Finally, he gets to it and I slump down in my seat, trying to look disaffected. I concentrate on a chalky spot on the board until he’s done with his overview. Slowly, I look around the room and I see a lot of tan, which means boredom. Crowley has a horrible monotone. No one is hardly paying attention at all. Often because I can tell how everyone in a crowd is feeling, I forget that they can’t tell my emotions. Even if they could—after all in a class of five hundred students, it’s entirely possible that someone else has the weird, focused form of synesthesia—I give off a very dim light. Usually a little grey indifference is all I see when I look in the mirror.
Finally we’re dismissed and I’m relieved. I get up slowly and take my time placing my books and notebook in my bag and putting on my jacket. I like to have a little peace without the colors every now and then. I watch the mainly pink haze slowly filter out of the room. That’s when I can guess that they have more classes. Pink is the color for laziness and tiredness, sometimes resignation. I see a lot of pink on campus. In fact, it’s the only other color I see on myself in the mirror. That one can even be bright at times, despite my dim nature. I wish I could make a career of being lazy; it’s the only thing I know I could be really good at.
After lingering for a moment to revel in the relief of no colors, I gather my things and head out to tend to my job, being Dear Abby for the newly formed campus entertainment newspaper. Actually, it’s Dear Lynn they call me here. In high school I was Dear Amanda. Kevin O’Brien, chief editor for the Campus Star, wanted me to use my real name. “But Iris is such a unique name, it goes well with fortune telling and wisdom,” he said. I thanked him for the compliment but insisted on anonymity. I do it for the money and the money alone. I don’t want anyone knocking at my door. It’s bad enough I see their troubles just walking down the street.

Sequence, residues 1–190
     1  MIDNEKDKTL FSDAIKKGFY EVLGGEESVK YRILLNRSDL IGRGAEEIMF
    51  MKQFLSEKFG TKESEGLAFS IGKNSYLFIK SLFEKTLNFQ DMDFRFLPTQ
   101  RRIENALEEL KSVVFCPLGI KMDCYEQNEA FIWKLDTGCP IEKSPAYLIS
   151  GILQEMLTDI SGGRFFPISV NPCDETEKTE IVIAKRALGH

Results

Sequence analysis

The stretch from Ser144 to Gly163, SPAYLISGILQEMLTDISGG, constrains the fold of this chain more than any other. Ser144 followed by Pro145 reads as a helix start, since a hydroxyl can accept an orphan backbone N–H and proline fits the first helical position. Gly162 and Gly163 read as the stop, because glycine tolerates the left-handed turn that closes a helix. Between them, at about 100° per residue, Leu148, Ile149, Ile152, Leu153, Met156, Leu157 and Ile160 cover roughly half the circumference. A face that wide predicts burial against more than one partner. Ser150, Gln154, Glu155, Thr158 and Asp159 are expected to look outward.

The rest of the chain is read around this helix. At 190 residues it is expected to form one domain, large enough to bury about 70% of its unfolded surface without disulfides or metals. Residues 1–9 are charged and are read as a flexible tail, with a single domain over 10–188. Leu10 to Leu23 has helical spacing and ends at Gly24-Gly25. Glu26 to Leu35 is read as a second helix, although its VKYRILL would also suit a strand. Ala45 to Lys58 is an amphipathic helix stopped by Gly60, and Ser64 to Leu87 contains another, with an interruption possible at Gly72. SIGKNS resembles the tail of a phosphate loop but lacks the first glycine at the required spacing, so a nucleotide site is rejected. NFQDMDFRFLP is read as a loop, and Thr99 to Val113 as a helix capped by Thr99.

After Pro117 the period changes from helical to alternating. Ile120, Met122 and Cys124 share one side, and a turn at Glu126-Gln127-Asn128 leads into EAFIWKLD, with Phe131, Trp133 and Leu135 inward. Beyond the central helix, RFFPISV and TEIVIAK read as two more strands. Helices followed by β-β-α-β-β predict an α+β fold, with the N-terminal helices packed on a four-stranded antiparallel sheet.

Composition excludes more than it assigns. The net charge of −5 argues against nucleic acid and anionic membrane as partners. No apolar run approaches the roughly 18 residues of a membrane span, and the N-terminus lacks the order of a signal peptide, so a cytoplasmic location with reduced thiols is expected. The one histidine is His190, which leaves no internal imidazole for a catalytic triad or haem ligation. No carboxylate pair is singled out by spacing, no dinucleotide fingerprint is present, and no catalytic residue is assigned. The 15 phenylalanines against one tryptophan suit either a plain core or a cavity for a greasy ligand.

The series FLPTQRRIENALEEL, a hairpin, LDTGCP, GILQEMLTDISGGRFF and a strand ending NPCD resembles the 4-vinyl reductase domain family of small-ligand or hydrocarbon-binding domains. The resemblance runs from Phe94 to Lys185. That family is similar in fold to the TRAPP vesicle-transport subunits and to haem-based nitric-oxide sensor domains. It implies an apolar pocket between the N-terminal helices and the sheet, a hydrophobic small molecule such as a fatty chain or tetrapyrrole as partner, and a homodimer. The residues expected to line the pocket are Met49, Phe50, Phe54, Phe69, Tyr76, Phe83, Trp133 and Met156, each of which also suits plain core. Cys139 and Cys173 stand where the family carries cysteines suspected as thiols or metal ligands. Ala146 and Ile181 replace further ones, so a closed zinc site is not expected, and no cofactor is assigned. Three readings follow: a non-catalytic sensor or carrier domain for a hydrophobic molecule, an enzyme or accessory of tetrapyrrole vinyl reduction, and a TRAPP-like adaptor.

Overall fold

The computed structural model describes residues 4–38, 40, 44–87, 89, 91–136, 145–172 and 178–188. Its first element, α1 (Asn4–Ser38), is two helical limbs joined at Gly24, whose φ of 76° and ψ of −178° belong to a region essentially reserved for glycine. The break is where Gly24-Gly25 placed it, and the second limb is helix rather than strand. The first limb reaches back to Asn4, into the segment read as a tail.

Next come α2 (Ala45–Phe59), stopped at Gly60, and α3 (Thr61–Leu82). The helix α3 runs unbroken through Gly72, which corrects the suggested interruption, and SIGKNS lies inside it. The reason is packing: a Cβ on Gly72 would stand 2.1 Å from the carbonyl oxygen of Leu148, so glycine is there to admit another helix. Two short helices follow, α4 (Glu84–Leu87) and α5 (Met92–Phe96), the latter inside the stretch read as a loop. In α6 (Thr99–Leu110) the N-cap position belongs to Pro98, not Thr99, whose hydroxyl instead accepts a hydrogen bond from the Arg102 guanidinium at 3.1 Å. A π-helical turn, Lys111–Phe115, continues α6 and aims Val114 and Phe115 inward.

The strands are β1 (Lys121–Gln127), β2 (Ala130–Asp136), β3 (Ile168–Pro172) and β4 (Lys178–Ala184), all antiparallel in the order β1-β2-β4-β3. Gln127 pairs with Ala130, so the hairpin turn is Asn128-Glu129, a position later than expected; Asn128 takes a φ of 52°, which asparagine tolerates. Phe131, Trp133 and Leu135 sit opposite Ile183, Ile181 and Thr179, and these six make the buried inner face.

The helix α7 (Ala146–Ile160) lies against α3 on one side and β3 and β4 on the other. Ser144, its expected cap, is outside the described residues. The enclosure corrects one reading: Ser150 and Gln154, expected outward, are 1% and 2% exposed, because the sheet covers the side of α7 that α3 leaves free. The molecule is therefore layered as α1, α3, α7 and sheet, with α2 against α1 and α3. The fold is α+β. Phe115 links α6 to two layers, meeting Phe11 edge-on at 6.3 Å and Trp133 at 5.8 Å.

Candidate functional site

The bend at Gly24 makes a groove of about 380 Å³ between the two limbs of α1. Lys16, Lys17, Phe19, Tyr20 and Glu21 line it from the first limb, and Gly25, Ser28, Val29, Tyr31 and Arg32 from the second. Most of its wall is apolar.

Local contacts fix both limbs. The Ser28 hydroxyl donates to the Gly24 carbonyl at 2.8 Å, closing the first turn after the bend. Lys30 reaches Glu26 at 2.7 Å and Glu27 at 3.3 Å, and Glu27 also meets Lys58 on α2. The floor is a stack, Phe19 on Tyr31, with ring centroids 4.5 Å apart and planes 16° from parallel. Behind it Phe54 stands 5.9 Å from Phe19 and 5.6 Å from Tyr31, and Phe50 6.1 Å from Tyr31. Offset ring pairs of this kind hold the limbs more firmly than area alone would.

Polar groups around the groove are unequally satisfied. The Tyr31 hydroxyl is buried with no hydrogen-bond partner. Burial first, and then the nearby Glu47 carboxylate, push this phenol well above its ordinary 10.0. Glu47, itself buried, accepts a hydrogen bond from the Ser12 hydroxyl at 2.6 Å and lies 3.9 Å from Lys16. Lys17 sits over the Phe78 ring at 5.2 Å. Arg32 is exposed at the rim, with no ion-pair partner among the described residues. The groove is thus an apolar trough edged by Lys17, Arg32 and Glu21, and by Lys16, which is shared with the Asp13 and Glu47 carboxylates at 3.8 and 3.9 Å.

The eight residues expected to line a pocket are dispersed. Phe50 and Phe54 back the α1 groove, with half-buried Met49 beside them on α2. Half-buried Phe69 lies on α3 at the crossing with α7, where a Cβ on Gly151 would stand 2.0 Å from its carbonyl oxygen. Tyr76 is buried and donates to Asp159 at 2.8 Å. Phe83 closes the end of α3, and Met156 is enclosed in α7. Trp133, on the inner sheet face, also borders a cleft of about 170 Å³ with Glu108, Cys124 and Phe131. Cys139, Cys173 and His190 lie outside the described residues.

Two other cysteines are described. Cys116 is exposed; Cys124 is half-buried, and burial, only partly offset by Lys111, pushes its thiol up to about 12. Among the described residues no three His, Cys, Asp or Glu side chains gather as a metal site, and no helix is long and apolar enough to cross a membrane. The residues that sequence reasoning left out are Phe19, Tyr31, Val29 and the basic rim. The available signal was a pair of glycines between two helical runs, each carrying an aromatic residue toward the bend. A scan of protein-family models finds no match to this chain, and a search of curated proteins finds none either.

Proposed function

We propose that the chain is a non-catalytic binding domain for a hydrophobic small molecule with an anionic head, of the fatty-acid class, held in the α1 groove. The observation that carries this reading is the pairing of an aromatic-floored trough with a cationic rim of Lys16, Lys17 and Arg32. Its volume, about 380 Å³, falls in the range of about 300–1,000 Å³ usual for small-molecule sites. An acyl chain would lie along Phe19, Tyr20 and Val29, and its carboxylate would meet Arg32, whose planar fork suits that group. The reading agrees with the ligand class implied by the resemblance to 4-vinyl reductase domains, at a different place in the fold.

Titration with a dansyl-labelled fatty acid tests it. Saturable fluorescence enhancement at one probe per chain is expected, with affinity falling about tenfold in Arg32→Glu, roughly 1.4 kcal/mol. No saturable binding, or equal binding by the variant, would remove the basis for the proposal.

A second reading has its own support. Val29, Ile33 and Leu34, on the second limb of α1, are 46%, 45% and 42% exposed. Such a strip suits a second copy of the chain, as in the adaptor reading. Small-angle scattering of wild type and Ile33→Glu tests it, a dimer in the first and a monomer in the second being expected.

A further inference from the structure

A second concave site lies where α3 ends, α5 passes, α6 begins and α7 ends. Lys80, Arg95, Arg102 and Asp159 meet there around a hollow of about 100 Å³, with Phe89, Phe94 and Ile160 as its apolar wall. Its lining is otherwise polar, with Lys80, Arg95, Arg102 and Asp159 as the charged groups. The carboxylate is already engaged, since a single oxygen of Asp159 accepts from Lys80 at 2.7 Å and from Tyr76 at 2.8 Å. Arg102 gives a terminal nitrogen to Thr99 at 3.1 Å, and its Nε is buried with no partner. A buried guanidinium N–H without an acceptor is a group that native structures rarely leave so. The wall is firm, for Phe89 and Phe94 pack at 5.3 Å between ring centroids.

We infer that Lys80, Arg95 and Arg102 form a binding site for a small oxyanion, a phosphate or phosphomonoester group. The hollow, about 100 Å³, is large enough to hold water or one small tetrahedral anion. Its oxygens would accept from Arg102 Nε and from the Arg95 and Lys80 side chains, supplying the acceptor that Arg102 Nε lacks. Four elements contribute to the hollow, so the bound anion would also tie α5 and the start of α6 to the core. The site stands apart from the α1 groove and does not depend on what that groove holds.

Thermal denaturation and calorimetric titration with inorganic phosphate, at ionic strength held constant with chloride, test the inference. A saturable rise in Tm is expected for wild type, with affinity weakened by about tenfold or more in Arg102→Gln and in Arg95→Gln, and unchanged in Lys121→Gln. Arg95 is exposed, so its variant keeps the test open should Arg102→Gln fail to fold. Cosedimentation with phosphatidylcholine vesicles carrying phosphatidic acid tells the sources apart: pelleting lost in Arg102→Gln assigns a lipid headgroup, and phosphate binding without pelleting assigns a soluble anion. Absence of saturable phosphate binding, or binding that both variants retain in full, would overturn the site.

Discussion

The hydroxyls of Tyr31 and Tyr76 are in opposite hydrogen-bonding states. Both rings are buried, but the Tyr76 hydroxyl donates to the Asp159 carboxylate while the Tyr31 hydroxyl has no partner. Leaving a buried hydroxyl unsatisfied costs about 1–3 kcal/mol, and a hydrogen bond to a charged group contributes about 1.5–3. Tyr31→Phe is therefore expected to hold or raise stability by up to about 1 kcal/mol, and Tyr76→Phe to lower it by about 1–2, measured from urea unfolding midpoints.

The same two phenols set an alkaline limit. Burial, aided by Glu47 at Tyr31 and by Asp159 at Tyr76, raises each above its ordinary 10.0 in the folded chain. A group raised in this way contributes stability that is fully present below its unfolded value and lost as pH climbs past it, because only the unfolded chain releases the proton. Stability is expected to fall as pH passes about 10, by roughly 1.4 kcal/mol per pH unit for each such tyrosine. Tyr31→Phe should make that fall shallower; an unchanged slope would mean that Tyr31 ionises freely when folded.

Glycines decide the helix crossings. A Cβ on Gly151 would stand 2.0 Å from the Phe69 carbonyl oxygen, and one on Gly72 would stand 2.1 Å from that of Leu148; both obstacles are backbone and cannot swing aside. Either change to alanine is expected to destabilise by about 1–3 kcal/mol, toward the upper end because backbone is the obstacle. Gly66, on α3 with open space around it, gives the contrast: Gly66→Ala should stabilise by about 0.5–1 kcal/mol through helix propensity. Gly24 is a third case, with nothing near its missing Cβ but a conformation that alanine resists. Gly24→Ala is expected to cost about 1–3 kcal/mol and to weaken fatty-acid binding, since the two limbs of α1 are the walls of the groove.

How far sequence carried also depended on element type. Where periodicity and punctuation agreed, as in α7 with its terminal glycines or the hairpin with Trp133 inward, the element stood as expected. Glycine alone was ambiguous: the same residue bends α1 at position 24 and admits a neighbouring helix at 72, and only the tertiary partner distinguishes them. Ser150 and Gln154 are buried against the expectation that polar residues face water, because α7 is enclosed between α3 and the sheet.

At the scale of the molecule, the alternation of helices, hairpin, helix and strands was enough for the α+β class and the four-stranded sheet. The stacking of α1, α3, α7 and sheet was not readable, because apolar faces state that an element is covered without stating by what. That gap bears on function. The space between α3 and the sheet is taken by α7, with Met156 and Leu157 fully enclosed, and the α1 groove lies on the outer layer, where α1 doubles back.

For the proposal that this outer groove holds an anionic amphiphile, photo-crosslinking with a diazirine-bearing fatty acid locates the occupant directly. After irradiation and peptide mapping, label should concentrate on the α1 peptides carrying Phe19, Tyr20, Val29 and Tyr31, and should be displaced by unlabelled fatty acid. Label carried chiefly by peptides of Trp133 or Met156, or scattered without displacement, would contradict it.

I drive to the newspaper office to pick up this week’s load of letters. Kevin smiles when he sees me come in. I know that boy thinks he’s in love with me. Sometimes people can really inflate their own yellow. I never see that happen with any other color, but they inflate their yellow when they think they’re in love and sometimes they try to hide the tinge of green, the lust, by covering it with the yellow of love. I’m not sure why, because yellow love is one of the most dangerous things there is. Kevin has it coming out of his hair and ears as if the sun itself were burning inside his skull rather than neurons—with proper wiring, I’m sure—as he says today, “Iris, you’re the reason we can pay the rent.” He thinks he’s in love with me but I hope he’s wrong. The colors get all messed up when they’re in love, like psychedelic strobe lights.
I haven’t done any more current fiction in awhile, so today I’m posting the continuation of my short story “Dark As Roses.” The beginning is here. This is a story about a girl who sees colored auras around people and is somewhat at odds with her psychic ability. At the end of the first section, Iris was sitting in a college psych class afraid that when her professor mentioned her condition (or what she thinks her condition might be), she might do something to accidentally give herself away.
- Colors – Dark As Roses 1
- Lead Us Not Into Temptation
- Ocean Reverie
- Geomagnetic Imprints and Natal Honing